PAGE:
England under the Normans and Angevins, 1066-1272

By H. W. C. Davis | Go to book overview

CHAPTER V
STEPHEN

ON the death of Henry I. there was hardly a man in his dominions who desired the accession of the Empress. Her sex, the arrogance of her temper, above all her Angevin marriage, were objections which in most minds overrode all scruples as to oaths and pledges.1 Henry, her eldest son, might have been more favourably regarded if his youth had not made it certain that the regency would remain for many years to come in the hands of his mother. But Henry's hereditary claim was hardly stronger than that of Theobald of Blois and Stephen of Boulogne, the grandsons of the Conqueror in the female line; the minds of Englishmen and Normans instinctively turned towards these brothers. As between Theobald and Stephen the choice was more difficult; and deliberations were impeded by the accident that, while the leaders of the territorial aristocracy were in Normandy with Henry at the moment of his death, the leaders of the Church and the Curia Regis had been left in England to represent their master in his absence. The interests of these two parties differed widely; the members of each hastened to settle the succession in the manner which appeared most suitable to themselves. Hence two sovereigns were simultaneously elected on the two sides of the Channel. While the leading men in Normandy were inviting Theobald to come and rule them, Stephen sailed hastily to England; while they were providing for the defence of the frontier against an Angevin army, which appeared as soon as the King's death was known, Stephen was negotiating with the Londoners, with Roger of Salisbury the Justiciar, and with William of Corbeil the Archbishop of Canter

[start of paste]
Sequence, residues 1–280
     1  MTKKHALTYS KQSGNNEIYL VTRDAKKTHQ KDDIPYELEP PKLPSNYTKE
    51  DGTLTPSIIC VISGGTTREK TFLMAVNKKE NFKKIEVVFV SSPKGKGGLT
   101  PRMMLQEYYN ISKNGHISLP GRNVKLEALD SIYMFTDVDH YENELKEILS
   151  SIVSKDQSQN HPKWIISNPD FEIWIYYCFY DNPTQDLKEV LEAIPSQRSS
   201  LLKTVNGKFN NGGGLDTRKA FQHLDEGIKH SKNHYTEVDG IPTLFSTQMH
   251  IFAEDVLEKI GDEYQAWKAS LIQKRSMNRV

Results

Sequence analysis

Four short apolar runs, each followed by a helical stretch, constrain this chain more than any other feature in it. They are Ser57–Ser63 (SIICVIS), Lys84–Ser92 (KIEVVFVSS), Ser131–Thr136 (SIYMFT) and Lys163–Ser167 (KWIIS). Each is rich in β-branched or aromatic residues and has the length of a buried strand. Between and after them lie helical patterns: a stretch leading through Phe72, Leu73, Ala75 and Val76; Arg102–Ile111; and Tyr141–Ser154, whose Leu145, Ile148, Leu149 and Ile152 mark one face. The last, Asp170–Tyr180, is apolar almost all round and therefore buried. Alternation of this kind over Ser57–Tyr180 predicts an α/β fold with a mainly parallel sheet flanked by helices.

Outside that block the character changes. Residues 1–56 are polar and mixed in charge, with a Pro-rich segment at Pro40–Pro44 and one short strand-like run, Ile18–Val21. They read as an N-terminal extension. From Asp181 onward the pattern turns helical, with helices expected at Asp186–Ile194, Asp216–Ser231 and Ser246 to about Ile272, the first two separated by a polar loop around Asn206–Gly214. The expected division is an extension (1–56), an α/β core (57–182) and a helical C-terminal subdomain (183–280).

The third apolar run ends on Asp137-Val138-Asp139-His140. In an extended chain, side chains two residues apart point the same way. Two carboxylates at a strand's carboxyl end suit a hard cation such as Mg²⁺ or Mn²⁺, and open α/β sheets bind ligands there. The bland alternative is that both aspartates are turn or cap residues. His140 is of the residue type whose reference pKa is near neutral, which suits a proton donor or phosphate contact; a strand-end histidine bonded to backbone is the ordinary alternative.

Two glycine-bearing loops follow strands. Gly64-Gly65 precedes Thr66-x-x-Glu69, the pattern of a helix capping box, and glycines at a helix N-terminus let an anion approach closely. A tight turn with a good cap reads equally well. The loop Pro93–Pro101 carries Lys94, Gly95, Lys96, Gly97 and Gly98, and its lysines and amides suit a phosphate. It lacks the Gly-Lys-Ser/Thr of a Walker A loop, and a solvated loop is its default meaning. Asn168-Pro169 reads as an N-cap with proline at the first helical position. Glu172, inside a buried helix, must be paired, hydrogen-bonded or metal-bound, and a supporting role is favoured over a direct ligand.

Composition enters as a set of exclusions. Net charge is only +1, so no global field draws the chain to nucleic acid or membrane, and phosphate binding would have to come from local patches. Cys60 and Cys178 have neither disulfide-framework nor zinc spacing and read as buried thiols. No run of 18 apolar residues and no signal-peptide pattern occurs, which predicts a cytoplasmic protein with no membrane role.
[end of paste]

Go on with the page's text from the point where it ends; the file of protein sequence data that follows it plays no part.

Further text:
Stephen and his Rivals

____________________
1
Rössler's defence of Matilda's character ( Kaiserin Mathilde, p. 28) rests upon the flimsiest arguments; and he admits that her conduct after 1141 is open to the charge of arrogance (ibid., p. 281).

-154-

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